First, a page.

If you suspect you’re the victim of revenge porn, call your local law enforcement agency. I do not blame the victims in these situations, but I caution people, especially young people to think before they create or send sexually explicit material. If any of this content is released on the internet, you have no control over who might see it, share it, download it and even if you can get the original removed, it could still be out there on other sites. When in doubt, don’t send naked selfies, take intimate photos in the bedroom, or create sex videos. If you’re thinking about posting revenge porn, don’t.

If you have questions or want to chat more about these issues, feel free to connect with me on TwitterFacebookLinkedIn, or you can send me an email.

Bloggers & Vloggers: Register your Trademarks!

Registered by tup wanders from Flickr (Creative Commons License)

Registered by tup wanders from Flickr (Creative Commons License)

Ever since I heard about the Turner Barr story in 2013, I’ve been on everyone I know – including recreational bloggers and the vloggers – to register their trademarks in at least their sites’ names with the U.S. Patent and Trademark Office (USPTO). If this isn’t on your to-do list for this year, take a break from reading this post and go add it right now.

For those of you who don’t know or don’t remember, Turner Barr started an awesome blog called Around the World in 80 Jobs where he writes and creates videos about his travel adventurers and how he works from place to place. It was a simple but brilliant idea. He didn’t register his trademark. I bet the thought never crossed his mind. I bet he never thought that another company would register the trademark “Around the World in 80 Jobs” and essentially shut down his site. Thankfully, Turner was able to resolve the situation in part by publicly calling out the people he suspected stole his idea. He has since registered the trademark for his blog.

When I saw this situation where it looked like another company ripped off an individual blogger’s idea and name for themselves and basically (temporarily) stole it out from under him by registering the trademark, I became scared for every person I know who has an amazing blog or vlog. I don’t want to see them in the same predicament. It also reminded me to be a diligent about reminding and re-reminding my clients who are startup entrepreneurs about the importance or registering their trademarks so they don’t end up in the Burger King situation.

This is the type of situation potentially where someone can steal your idea and you will have to fight to try to get it back. And it’s the type of situation that is easily prevented by registering your trademark first. Once you have a registered trademark with the USPTO, you can stop other people and companies from using a name that is confusingly similar to yours in your industry.

Compared to the heartache, headaches, and what you will pay a lawyer if you end up in a situation like Turner Barr did, filing at trademark application is cheap. The USPTO recently lowered their filing fees so if you did your application yourself (which I don’t recommend) it may cost you only $275. If you’ve never filed the trademark application before, I suggest you at least consult a trademark attorney in advance just so you understand the trademark process including what information you have to give the examining attorney to prove that you’re using your trademark. It may not be as expensive as you fear.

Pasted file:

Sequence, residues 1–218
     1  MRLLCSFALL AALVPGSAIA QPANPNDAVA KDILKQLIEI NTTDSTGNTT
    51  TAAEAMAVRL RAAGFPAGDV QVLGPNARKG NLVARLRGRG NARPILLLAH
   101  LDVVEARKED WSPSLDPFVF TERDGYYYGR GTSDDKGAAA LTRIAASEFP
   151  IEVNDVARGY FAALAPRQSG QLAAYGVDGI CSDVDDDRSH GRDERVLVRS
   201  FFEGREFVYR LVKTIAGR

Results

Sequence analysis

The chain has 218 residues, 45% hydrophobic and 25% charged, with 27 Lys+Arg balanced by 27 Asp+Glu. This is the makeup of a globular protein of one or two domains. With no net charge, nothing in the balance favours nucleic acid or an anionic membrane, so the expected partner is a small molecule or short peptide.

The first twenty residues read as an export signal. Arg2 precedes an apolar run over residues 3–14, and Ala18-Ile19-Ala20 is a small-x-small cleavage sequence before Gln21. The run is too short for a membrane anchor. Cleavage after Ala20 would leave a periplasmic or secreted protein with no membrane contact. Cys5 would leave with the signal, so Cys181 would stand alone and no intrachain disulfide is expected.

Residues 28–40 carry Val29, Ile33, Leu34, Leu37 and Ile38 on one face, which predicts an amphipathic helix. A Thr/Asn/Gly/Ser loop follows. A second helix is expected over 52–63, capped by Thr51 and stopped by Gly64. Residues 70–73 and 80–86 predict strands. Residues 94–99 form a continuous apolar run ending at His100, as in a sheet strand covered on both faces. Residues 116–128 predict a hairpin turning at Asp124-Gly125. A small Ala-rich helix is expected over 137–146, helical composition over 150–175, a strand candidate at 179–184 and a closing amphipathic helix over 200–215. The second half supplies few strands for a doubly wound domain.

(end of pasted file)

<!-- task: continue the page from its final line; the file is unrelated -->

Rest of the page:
And just to show that I put my money were my mouth is and that the shoemaker’s children have shoes in this situation, I recently submitted a trademark application myself for my personal blog, The Undeniable Ruth. I want to be able to call myself “undeniable” for the rest of my life and this is the first step to ensuring that.

If you have questions or want to talk about your trademark needs, feel free to connect with me on TwitterFacebookLinkedIn, or you can send me an email.

Photos, the Internet, and the Law – FAQs

paparazzi! by federico borghi from Flickr (Creative Commons License)

paparazzi! by federico borghi from Flickr (Creative Commons License)

I get a lot of hits on my site from people asking questions about what they can and can’t do with photos that they get from someone else that’s sent to them, texted to them, or that they find online. In many cases, the person who took the photo (not necessarily the person in the photo unless it’s a selfie) is the copyright holder and so they have the right to decide when and how their photo will be copied, distributed, and displayed. If you want to use their photo, you need their permission. If you want to own the copyright, they have to give it to you in a written and signed contract.

Let’s look at some of the more common and interesting questions I get. (Of course, any situation involving the legalities of using a particular photo is fact dependent and you need to consider the specific circumstances. These cases are often governed in part by state laws so you have to look at what rules apply to you.)

May I Post Someone’s Photo on the Internet without Consent?
If we’re talking about a situation where you want to know if you can take a photograph of another person and post it online, the answer is often “Yes.” If you’re the photographer, you’re usually the copyright holder so you get to decide where your work is displayed. However, if you want to make money off the photo or use it for a commercial purpose, you often need the person’s consent.